Last week, I had the honour of representing SAP at The Economic Times’ Global Business Summit in New Delhi, India, where some of the world’s leading politicians, academics, and decision-makers congregated to discuss the future direction of India, and of our planet.
I joined a panel discussion focused on strategies to create a resilient, reliable, and ready future, joining luminaries from the United Nations Development Programme, UN India, Temasek, TAQA, JLL, and Bain & Company. Reflecting on the discussions at the conference, I believe there are three key insights for us all to consider.
1. India’s sustainability ambitions underpin the need for a just transition
India is on a remarkable development path. The digital enablement of services has seen exponential growth, fuelled by focused policy attention. Meanwhile, the country has also outlined its plan to move to Net Zero by 2070. The 450GW Green Energy Corridor project to transfer power from renewable energy rich places across the country is an example of tangible change.
The opportunities for India are huge. As Jean-Pascal Tricoire, CEO and Chairman of Schneider Electric, said at the event, “India has a chance to become one of the future leaders by building an energy system that is completely different. India is [at the start] of its construction of electrical infrastructure, which will be based in the future on renewables. Today, the greenest, cheapest, and fastest way of saving is via energy efficiency. With digitisation, you can immediately save up to 30 per cent of energy efficiency.”
The move to renewable energy has wide-ranging benefits from a financial, organisational, and individual perspective – and will benefit us in areas as fundamental as the air we breathe. During the event the air quality in Delhi degraded to three times below what’s considered healthy by the World Health Organisation. It’s a stark reminder of the work we still have to do.
2. To do their part, businesses will need to go beyond environmental compliance
The traditional view of sustainability is changing. It is no longer a compliance requirement, an additional cost, or a “nice-to-do”. Today, 45 per cent of Indian business leaders say sustainability will be materially relevant to their financial results within the next 5 years.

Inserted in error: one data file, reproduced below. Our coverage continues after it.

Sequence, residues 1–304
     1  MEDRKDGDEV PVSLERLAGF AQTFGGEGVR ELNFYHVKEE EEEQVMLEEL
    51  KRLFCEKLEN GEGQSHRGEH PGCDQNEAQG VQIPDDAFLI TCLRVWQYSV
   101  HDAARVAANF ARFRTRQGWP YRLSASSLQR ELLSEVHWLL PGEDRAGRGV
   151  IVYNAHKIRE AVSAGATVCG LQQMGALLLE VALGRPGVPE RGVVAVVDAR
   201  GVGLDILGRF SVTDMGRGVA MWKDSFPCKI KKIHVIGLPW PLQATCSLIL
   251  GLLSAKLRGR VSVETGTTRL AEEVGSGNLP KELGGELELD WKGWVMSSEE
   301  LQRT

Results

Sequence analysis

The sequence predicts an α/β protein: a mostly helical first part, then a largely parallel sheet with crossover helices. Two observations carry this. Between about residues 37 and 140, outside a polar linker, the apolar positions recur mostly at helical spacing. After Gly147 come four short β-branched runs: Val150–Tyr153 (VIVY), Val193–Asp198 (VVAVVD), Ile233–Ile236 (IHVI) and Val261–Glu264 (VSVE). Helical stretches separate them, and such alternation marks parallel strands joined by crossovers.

Indian businesses have a great chance to take the lead in this area. India was the first country to mandate corporate social responsibility in 2013, and the new ‘BRSR’ requirements for the top 1,000 companies to report ESG outcomes is a welcome sign that performance isn’t just about financial results.
But now the opportunity is to go beyond compliance and to instil sustainability into every business process and decision. That requires action – for example, while 59 percent of Indian business leaders see a strongly positive correlation between profitability and taking environmental action, only 22% are incentivised for meeting sustainability KPIs.
3. Innovation through data is the key to meeting climate challenges
The desire and willingness to take climate action is there, but more still needs to happen to reach our sustainability goals whether in India, or around the world.
For organisations, operationalising sustainability performance into key processes plays a critical role to achieve improved climate outcomes. Sitting at the heart of that change is data and an empowered team. By arming our people with an integrated view of environmental, financial, and operational data, we can ensure financial and sustainability performance work in tandem.
A great example of this is WayCool, a food and agritech company in India. They created an integrated dashboard to pull environmental data from IoT devices and financial and operational data from its ERP – providing insights on their energy and water usage, and waste management and their financial impacts. WayCool has not only reduced its carbon emissions, but saved about $205 for every ton of carbon it avoided.
India, and Indian businesses, have a unique opportunity to lead Asia and the world in our work against climate change. But India’s ambition and strength in innovation can help realise the huge opportunities sustainable business offers. Together, we can work to make a real difference to the health of our people and the planet.